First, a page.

Richard Jordan: Bravery is key as artistic directors face theatre’s wheel of fortune
Theatre is often compared to a race: which building or company is getting ahead? Which is falling behind? A theatre can end up being stuck in a rut if it a produces a series of flops, and a poor reputation can take years to shake off.
For those in the buildings, rather than a sporting competition, it must be tempting to put down the vagaries of leadership to the wheel of fortune. And it often takes strong leadership in the face of adversity to get through a downward spin.
Many questioned the leadership of the NT’s artistic director, Rufus Norris, last summer after two productions in the Olivier received scathing reviews. This came ahead of a challenging autumn when his season faced (unfair) comparisons with the output from Nick Starr and Nicholas Hytner – his predecessors at the National – in their shiny new Bridge Theatre.
By then, the National was considered back on form with Follies and Network, two productions beloved by critics and audiences, and all those doubts about Norris had evaporated. Meanwhile, for the Bridge, stellar reviews came in for the building, but for its first production, Young Marx, the critics were lukewarm. The two Nicks came back swinging with the thrilling promenade staging of Julius Caesar.
What may be concerning is the speed at which the fortunes of a theatre can change in either direction and, with that, the public and media perception of an institution or a company’s creative leader. It’s a reminder that steering a theatre can be a highly demanding job: the artistic director always needs to be ready to adapt and ride out the rough with the smooth. This encompasses not only the programming, but also responding to the challenges facing their building and the wider environment.
The arrival of a new artistic director means renewed scrutiny, especially with the attachment an audience has often built with the predecessor. Comparisons and criticisms are inevitable as the former regime can be viewed with rose-tinted glasses.
When Matthew Warchus’ arrived as the Old Vic’s new artistic director in 2015, he rolled out star-driven, sell-out productions including The Caretaker, Rosencrantz and Guildenstern Are Dead, and the musical Groundhog Day.
His theatre, however, has had a difficult eight months.
Last August, its high-profile premiere of The Divide at the Edinburgh International Festival – a two-parter by Alan Ayckbourn – was panned, leaving big decisions ahead of its London transfer in 2018. And two months later, through no fault of Warchus’ leadership, the Old Vic was caught up in the harassment scandal hitting numerous industries in the wake of the Weinstein revelations, following allegations made against former artistic director Kevin Spacey.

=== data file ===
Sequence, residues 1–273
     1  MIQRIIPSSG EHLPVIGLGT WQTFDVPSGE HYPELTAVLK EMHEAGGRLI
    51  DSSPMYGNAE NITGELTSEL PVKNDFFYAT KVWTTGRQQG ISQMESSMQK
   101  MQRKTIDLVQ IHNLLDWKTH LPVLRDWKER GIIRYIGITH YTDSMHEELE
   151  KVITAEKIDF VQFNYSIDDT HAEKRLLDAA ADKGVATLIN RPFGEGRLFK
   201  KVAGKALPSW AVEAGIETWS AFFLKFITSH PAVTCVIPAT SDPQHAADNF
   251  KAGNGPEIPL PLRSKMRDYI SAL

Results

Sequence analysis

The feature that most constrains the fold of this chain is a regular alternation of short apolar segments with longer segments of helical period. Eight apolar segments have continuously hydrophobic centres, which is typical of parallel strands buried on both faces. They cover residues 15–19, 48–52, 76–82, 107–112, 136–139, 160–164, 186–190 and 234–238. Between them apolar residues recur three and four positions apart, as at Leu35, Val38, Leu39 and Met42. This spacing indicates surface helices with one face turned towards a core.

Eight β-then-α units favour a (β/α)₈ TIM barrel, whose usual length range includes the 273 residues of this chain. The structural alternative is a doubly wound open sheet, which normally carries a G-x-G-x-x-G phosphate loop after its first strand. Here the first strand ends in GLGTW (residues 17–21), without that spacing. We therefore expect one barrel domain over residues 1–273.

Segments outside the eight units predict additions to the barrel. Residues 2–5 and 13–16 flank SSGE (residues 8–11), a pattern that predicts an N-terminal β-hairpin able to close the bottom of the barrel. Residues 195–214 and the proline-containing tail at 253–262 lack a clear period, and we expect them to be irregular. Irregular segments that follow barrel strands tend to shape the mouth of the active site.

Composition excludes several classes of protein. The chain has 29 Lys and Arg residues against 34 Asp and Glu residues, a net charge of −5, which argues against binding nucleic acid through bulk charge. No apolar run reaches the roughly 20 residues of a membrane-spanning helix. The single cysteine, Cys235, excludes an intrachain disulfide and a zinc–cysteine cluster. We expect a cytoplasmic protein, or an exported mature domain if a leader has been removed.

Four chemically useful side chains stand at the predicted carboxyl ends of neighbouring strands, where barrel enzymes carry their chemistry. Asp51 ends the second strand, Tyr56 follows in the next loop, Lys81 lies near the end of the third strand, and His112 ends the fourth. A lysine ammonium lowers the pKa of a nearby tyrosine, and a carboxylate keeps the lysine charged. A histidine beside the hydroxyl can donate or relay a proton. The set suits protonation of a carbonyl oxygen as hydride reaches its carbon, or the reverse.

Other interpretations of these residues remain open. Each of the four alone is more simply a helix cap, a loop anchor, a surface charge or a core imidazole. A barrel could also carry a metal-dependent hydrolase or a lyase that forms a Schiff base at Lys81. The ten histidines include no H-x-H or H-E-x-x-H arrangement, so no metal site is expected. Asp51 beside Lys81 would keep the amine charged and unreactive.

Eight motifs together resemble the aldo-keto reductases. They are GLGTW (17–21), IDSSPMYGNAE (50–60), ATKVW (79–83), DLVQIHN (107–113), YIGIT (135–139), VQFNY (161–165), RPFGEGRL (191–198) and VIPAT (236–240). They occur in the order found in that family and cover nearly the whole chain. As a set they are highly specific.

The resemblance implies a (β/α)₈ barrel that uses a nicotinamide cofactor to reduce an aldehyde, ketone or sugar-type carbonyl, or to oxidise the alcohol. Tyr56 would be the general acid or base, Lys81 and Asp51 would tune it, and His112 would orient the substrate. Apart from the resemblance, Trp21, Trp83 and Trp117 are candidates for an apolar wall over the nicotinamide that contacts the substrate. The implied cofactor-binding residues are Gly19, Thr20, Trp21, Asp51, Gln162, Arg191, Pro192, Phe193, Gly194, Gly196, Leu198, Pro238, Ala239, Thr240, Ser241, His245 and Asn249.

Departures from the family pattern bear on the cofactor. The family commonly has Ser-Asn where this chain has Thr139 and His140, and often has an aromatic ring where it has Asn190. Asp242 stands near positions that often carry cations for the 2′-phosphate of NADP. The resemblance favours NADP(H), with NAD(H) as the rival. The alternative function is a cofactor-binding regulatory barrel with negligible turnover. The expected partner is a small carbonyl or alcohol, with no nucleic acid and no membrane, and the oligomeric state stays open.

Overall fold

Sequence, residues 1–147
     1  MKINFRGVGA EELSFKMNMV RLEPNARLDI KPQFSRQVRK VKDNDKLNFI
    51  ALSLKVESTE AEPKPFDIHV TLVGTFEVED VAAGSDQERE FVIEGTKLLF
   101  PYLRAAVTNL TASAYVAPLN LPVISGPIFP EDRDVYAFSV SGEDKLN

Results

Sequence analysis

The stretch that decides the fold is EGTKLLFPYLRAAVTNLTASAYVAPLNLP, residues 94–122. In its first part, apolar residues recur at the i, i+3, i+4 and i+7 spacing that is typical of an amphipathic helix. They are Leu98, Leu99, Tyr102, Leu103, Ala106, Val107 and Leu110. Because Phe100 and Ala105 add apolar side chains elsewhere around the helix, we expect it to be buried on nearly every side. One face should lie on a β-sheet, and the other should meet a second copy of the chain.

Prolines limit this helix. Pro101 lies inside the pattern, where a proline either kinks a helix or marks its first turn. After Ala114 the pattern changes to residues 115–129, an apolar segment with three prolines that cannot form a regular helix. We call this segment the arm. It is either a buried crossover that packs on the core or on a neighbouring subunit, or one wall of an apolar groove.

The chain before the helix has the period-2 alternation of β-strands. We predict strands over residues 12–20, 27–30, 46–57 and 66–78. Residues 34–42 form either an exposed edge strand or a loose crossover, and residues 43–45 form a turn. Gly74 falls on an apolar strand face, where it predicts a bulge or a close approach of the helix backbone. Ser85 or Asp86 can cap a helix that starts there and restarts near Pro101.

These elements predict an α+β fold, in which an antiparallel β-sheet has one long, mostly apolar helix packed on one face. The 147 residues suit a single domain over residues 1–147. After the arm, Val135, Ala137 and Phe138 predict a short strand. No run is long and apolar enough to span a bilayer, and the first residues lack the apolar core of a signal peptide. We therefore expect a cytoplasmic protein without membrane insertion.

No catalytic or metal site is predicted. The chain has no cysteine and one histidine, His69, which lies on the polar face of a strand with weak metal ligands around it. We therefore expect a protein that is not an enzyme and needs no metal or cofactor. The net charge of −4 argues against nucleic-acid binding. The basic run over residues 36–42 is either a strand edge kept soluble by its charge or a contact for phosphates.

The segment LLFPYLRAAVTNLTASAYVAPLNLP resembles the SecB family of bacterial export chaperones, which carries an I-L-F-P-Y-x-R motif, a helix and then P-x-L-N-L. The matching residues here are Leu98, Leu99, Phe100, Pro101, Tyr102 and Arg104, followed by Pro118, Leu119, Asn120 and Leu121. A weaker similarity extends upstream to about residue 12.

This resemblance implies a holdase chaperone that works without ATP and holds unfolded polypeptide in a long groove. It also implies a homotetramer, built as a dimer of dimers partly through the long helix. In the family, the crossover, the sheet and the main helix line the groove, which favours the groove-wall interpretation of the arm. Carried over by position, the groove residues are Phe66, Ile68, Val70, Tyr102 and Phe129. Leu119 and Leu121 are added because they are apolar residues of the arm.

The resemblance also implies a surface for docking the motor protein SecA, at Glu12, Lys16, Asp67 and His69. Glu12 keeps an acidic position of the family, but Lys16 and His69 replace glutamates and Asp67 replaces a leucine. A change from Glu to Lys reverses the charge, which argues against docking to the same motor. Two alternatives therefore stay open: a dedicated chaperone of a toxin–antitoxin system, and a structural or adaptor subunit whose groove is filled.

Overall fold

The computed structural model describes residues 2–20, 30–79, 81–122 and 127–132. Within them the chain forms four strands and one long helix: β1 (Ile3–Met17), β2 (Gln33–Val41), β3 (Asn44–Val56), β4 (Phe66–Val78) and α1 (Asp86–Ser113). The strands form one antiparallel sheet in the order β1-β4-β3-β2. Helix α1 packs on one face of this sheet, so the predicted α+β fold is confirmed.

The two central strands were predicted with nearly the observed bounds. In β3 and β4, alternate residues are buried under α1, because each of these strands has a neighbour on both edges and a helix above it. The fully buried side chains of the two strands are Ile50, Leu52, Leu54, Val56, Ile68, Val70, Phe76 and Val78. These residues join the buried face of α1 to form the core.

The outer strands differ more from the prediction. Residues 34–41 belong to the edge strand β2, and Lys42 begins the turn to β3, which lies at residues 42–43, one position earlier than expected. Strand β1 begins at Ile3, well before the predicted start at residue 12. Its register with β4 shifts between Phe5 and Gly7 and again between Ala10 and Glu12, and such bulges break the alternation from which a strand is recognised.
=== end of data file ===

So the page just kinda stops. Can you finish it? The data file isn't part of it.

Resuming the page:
I felt sorry for Warchus, who had been doing some fine work, but that no longer mattered as, in a matter of months, it had started to feel as if the Old Vic was in serious trouble. At the press conference the Old Vic held on November 16, 2017, which addressed its subsequent internal investigation into what happened under the former artistic director, Matthew Warchus said; “My big hope is it doesn’t reflect on the Old Vic as a name.”
It was sad to consider the damage caused, when only the previous April the theatre had celebrated its success at the Olivier Awards with the coveted best musical award for Groundhog Day. It also demonstrated why there is never any place for complacency in the theatre.
So I hope that last Saturday’s final performance of The Divide proves something of an upward turn for Warchus, even if there may be more turbulence ahead for the building. I admired the play’s ambition and performances: and was glad that, despite its Edinburgh press reaction, Warchus did not simply scrap its London transfer – instead the production was reshaped for the Old Vic. That took brave leadership, being aware of the risk of more negative commentary directed at his theatre during a very delicate and difficult time.
Warchus also demonstrated that a strong artistic leader stands by what they produce and programme. It’s been an understandably nervous and unsettling period, but with a lot of lessons learned. I hope the Old Vic can now move forward with a regained confidence, and in turn, a reversal of fortunes.
Nonetheless, its management must regret that its reaction was neither as swift nor robust as the Royal Court’s. Artistic director Vicky Featherstone gave an excellent example of proactive leadership of a building. She tackled allegations against former artistic director Max-Stafford Clark head-on and immediately organised a “day of action”. Featherstone did not hold back from the gathering storm but stepped into its eye, making her theatre a necessary force at the front of the conversation.
Bravery can be shown in many ways, and it is essential for an artistic director who wants to ride out those spins of fortune’s wheel.